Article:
Nekhen was a busy city on the western bank of the Nile in predynastic ancient Egypt, long before the pyramids were built. The ancient site was once called as Hierakonpolis, Greek meaning “City of the Hawk,” but is now known as Kom el-Ahmar.
In truth, Nekhen is an important site for historians seeking to understand the origins of dynasty Egyptian civilization, and it is the largest predynastic Egyptian site yet uncovered. The remains itself date from 4000 to 2890 BC.
According to the Hierakonpolis Expedition, “at its peak, at about 3600-3500 BC, Hierakonpolis must have been one of, if not, the largest urban units along the Nile, a regional center of power and a capital of an early kingdom.” The city eventually became a religious center for the falcon god Horus, one of the most significant deities in the ancient Egyptian pantheon, because pharaohs were thought to be the deity’s earthly manifestation.
As explained in an article about the cult of Horus, “the inhabitants of Nekhen believed that the reigning king was the manifestation of Horus. When Narmer, a ruler from Nekhen considered to be the unifier of Egypt, succeeded in controlling both Upper and Lower Egypt, this concept of the pharaoh as an earthly manifestation of Horus achieved national importance.”
The discovery of Nekhen (Hierakonpolis)
The site has now been the subject of more than a century of archaeological investigation, which is still ongoing today with the Hierakonpolis Expedition, which is uncovering fresh discoveries. The location was first mentioned in 1798 when Vivant Denon explored the region as part of the Napoleonic expedition to Egypt.
While he did not grasp the significance of the place, he did depict the ruins of an old temple on the horizon in his drawing. Following his six-month voyage, he published his memoirs, Voyage Dans la Basse et Haute Egypte (1802).
While other visitors did see debris in the region, it was Flinders Petrie, who founded the Egyptian Research Account, who despatched J. E. Quibell to try to dig the site in 1897. Despite the fact that the site had already been looted, they began excavations on what is now known as “the largest predynastic settlement still extant.”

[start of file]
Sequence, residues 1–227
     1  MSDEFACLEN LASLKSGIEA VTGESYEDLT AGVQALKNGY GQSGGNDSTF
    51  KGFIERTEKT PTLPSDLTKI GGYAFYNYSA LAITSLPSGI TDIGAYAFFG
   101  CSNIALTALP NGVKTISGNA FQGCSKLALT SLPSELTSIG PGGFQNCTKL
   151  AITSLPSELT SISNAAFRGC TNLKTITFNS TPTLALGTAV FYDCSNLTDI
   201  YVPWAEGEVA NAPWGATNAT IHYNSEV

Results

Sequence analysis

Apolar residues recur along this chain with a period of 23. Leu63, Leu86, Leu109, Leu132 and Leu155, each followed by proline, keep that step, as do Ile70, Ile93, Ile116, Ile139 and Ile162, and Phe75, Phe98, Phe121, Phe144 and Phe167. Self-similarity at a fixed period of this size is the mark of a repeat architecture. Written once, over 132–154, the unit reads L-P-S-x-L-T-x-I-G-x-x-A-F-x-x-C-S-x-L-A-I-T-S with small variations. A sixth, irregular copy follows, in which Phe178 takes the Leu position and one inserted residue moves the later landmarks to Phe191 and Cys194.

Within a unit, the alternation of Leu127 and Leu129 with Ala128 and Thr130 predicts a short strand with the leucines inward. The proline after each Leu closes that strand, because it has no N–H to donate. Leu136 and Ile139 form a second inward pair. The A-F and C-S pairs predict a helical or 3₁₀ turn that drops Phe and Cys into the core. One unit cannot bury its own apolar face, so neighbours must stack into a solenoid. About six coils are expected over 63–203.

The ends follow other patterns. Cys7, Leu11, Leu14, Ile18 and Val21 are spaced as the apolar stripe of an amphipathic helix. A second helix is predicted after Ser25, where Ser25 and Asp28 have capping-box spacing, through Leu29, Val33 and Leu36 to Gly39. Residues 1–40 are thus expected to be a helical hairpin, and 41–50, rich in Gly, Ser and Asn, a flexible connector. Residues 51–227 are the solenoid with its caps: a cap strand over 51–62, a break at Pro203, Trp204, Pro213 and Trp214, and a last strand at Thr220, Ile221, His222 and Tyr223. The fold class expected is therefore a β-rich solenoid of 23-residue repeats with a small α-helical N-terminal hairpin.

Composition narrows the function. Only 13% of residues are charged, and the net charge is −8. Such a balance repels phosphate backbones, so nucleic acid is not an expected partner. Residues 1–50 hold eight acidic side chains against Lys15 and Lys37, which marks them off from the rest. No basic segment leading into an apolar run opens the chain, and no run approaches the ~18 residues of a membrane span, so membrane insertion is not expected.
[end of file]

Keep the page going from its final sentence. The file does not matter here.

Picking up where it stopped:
The temple depicted by Denon had been dismantled years previously, but during mound excavations, Quibell discovered an extraordinary find: a gold and copper cult figure of Horus the falcon deity beneath the ruins of a mud-brick temple.
This was followed by the discovery of a life-sized statue of King Pepi, which held a similar figure of his son King Merenre, and is now on display at the Egyptian Museum in Cairo.
Nekhen’s significant discoveries
The multidisciplinary Hierakonpolis Expedition started in 1967 and is still going on today. Archaeologists have discovered a variety of features of this ancient city, ranging from household structures and garbage mounds to religious and cult centers, cemeteries, burials, and an early dynasty palace.
They’ve unearthed breweries and pottery studios, as well as evidence of a zoo or menagerie, including crocodiles, elephants, baboons, a leopard, hippos, and more, as well as animal burials in or near-elite tombs.
As researchers dive farther into the predynastic ruins, they have discovered items such as ivory statuettes, mace heads, stone sculptures, ceramic masks, ceramics, a lapis lazuli figure, and terracotta statuettes.
The Palette of King Narmer (see top picture) is one of the most important objects discovered in Nekhen to date, dating back to the Early Dynastic Period approximately 3100 BC. It was discovered in the 1890s within the deposit of the temple of Nekhen and contains hieroglyphic writings that have been believed to be among the “first political documents in history.”
According to some historians, these hieroglyphics depict the unification of Upper and Lower Egypt. It is one of the earliest depictions of an Egyptian king, which researchers believe is Narmer or Menes. Another significant discovery is the painted tomb, which was discovered within a burial chamber at Nekhen between 3500 and 3200 BC.
This tomb’s walls were painted, making it the oldest example of painted Egyptian walls known to date. The tableau depicts a burial procession with depictions of Mesopotamian reed boats, staffs, deities, and animals.
Visiting Nekhen (Hierakonpolis)
Unfortunately, the facility is not open to the public. Those who want to investigate the interesting remnants of Nekhen must first get authorization from the Ministry of Tourism and Antiquities. To gain a sense of this extraordinary place, read up on the newest findings made by the Hierakonpolis Expedition.